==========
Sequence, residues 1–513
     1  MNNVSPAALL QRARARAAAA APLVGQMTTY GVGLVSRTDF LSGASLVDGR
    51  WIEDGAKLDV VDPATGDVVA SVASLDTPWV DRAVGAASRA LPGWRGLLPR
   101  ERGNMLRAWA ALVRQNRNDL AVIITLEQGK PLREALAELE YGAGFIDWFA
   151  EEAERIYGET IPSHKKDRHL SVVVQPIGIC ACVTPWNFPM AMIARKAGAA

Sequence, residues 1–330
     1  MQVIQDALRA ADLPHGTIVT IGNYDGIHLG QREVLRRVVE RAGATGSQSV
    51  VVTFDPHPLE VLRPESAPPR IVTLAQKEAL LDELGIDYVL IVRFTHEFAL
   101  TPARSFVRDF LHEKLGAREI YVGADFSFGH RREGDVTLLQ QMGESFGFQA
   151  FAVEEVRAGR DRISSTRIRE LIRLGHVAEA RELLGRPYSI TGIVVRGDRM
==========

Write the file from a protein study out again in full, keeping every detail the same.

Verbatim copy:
Sequence, residues 1–513
     1  MNNVSPAALL QRARARAAAA APLVGQMTTY GVGLVSRTDF LSGASLVDGR
    51  WIEDGAKLDV VDPATGDVVA SVASLDTPWV DRAVGAASRA LPGWRGLLPR
   101  ERGNMLRAWA ALVRQNRNDL AVIITLEQGK PLREALAELE YGAGFIDWFA
   151  EEAERIYGET IPSHKKDRHL SVVVQPIGIC ACVTPWNFPM AMIARKAGAA

Sequence, residues 1–330
     1  MQVIQDALRA ADLPHGTIVT IGNYDGIHLG QREVLRRVVE RAGATGSQSV
    51  VVTFDPHPLE VLRPESAPPR IVTLAQKEAL LDELGIDYVL IVRFTHEFAL
   101  TPARSFVRDF LHEKLGAREI YVGADFSFGH RREGDVTLLQ QMGESFGFQA
   151  FAVEEVRAGR DRISSTRIRE LIRLGHVAEA RELLGRPYSI TGIVVRGDRM